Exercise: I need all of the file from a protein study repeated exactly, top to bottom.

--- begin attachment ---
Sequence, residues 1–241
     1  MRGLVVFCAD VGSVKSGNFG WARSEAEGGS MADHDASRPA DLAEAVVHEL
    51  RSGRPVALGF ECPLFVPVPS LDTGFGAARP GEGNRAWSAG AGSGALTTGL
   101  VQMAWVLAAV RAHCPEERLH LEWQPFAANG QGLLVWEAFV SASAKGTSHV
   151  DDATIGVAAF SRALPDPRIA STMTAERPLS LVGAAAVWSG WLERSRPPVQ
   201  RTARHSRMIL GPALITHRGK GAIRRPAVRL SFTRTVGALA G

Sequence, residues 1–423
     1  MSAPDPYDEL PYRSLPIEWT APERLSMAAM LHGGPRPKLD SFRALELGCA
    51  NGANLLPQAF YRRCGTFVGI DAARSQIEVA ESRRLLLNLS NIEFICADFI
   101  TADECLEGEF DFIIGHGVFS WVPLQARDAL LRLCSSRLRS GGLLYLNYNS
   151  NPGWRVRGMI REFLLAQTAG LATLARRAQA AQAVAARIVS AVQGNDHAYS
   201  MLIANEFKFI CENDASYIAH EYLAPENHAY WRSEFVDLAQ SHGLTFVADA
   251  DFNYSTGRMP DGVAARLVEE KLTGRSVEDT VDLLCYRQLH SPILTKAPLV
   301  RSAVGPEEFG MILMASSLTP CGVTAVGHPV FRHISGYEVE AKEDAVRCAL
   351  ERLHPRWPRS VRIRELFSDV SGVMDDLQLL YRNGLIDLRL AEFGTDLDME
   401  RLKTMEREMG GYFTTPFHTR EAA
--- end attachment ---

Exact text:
Sequence, residues 1–241
     1  MRGLVVFCAD VGSVKSGNFG WARSEAEGGS MADHDASRPA DLAEAVVHEL
    51  RSGRPVALGF ECPLFVPVPS LDTGFGAARP GEGNRAWSAG AGSGALTTGL
   101  VQMAWVLAAV RAHCPEERLH LEWQPFAANG QGLLVWEAFV SASAKGTSHV
   151  DDATIGVAAF SRALPDPRIA STMTAERPLS LVGAAAVWSG WLERSRPPVQ
   201  RTARHSRMIL GPALITHRGK GAIRRPAVRL SFTRTVGALA G

Sequence, residues 1–423
     1  MSAPDPYDEL PYRSLPIEWT APERLSMAAM LHGGPRPKLD SFRALELGCA
    51  NGANLLPQAF YRRCGTFVGI DAARSQIEVA ESRRLLLNLS NIEFICADFI
   101  TADECLEGEF DFIIGHGVFS WVPLQARDAL LRLCSSRLRS GGLLYLNYNS
   151  NPGWRVRGMI REFLLAQTAG LATLARRAQA AQAVAARIVS AVQGNDHAYS
   201  MLIANEFKFI CENDASYIAH EYLAPENHAY WRSEFVDLAQ SHGLTFVADA
   251  DFNYSTGRMP DGVAARLVEE KLTGRSVEDT VDLLCYRQLH SPILTKAPLV
   301  RSAVGPEEFG MILMASSLTP CGVTAVGHPV FRHISGYEVE AKEDAVRCAL
   351  ERLHPRWPRS VRIRELFSDV SGVMDDLQLL YRNGLIDLRL AEFGTDLDME
   401  RLKTMEREMG GYFTTPFHTR EAA